Look about one-third of the way up in the northeastern sky at about 9 p.m. this week to catch a glimpse of three galaxies: M31, M33 and our own Milky Way. The inset shows a telescopic view of M31, the Great Andromeda Galaxy.
Tuesday, September 18, 2012
Jimmy Westlake's Celestial News column appears Tuesdays in the Steamboat Today.
Find more columns by Westlake here.
What’s the farthest thing you can see without a telescope? Would you believe 15,000,000,000,000,000,000 miles on a clear night? That’s 15 quintillion miles!
On a moonless early autumn evening, one can actually see an object that far away. In fact, the fall sky offers the opportunity to see the two most distant objects visible to the unaided human eye.
In the northeastern sky, about midway between the familiar W-shaped star pattern of Cassiopeia’s Chair and the Great Square of Pegasus, you’ll find a faint wisp of light, like a tiny, detached piece of the Milky Way. Charles Messier catalogued this fuzzy patch as the 31st object on his list of comet impersonators in 1764, so we now call it Messier 31, or M31 for short. It also was known for centuries as the Great Andromeda Nebula when it was thought to be a spinning vortex of hot gas in our Milky Way. But in the 1920s, American astronomer Edwin Hubble determined that Andromeda’s great nebula was no nebula at all — it turned out to be a near perfect twin of our own Milky Way galaxy at the mind-boggling distance of 2.5 million light years (15 quintillion miles). From that distance, even a collection of 100 billion suns appears in our sky as a faint wisp on a clear, dark night.
The discovery that M31 was a whole other galaxy demonstrated that the universe was far larger than we had imagined, and soon astronomers confirmed thousands of other galaxies.
Andromeda’s galaxy just happens to be the closest and brightest of the distant galaxies visible from the northern hemisphere, literally in our cosmic backyard. Astronomers now recognize that the Milky Way and Andromeda galaxies are the two dominant members of a small collection of about three dozen galaxies affectionately known as the Local Group.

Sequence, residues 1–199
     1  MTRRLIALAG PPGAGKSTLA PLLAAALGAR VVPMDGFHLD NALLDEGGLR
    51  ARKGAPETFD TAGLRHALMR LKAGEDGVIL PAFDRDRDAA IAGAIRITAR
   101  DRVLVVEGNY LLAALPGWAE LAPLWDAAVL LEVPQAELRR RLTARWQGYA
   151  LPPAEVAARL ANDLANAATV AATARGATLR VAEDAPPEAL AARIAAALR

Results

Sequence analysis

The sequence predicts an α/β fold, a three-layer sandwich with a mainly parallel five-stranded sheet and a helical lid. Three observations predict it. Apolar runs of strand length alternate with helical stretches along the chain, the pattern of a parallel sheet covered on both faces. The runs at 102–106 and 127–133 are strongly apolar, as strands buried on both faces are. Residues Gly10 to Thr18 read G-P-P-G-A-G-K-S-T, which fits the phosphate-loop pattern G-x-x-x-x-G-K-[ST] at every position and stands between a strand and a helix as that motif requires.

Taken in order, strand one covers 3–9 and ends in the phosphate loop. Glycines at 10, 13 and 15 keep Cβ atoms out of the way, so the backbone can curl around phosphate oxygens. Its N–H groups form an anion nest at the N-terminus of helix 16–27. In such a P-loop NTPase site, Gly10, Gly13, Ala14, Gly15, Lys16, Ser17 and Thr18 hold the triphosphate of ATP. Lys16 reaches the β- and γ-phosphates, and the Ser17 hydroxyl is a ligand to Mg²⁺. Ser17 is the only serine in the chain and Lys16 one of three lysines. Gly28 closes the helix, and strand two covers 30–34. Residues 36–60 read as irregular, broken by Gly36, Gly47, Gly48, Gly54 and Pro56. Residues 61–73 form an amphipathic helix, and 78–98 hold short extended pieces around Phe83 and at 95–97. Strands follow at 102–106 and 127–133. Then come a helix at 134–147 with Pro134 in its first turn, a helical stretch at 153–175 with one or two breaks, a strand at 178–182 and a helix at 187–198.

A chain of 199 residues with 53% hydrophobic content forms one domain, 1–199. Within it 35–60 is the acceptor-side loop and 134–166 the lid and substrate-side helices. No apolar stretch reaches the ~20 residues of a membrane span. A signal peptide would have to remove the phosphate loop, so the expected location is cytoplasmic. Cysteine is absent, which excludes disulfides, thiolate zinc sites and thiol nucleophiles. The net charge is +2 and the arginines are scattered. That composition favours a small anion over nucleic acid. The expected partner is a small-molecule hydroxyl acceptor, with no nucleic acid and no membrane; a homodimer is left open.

There is another spiral galaxy in our Local Group and it, too, faintly is visible to the unaided eye on exceptionally dark, clear nights. It is Messier’s object No. 33, or M33, also called the Pinwheel Galaxy. It is smaller, fainter and, at 3 million light years, a bit more distant than M31. It’s therefore more difficult to see. As luck would have it, M33 is found only one hand-span below (east of) Andromeda Galaxy in our fall sky.
Consider yourself among the most visually gifted people if you can spot the faint wisp of M33 with the naked eye. I have accomplished it on a few occasions, not by looking straight at it, but by using averted vision, glancing off to the side to focus its image on a more sensitive part of the retina. Of course, binoculars put M31 and M33 within easy visual grasp and show them as much more than just mists in the night.
What’s the third galaxy visible to the unaided eye on moonless autumn evenings? Why, it’s our own Milky Way Galaxy, arching high overhead like a colorless rainbow — the third and grandest galaxy of fall.
Professor Jimmy Westlake teaches astronomy and physics at Colorado Mountain College’s Alpine Campus. Check out Westlake’s astrophotography website at www.jwestlake.com.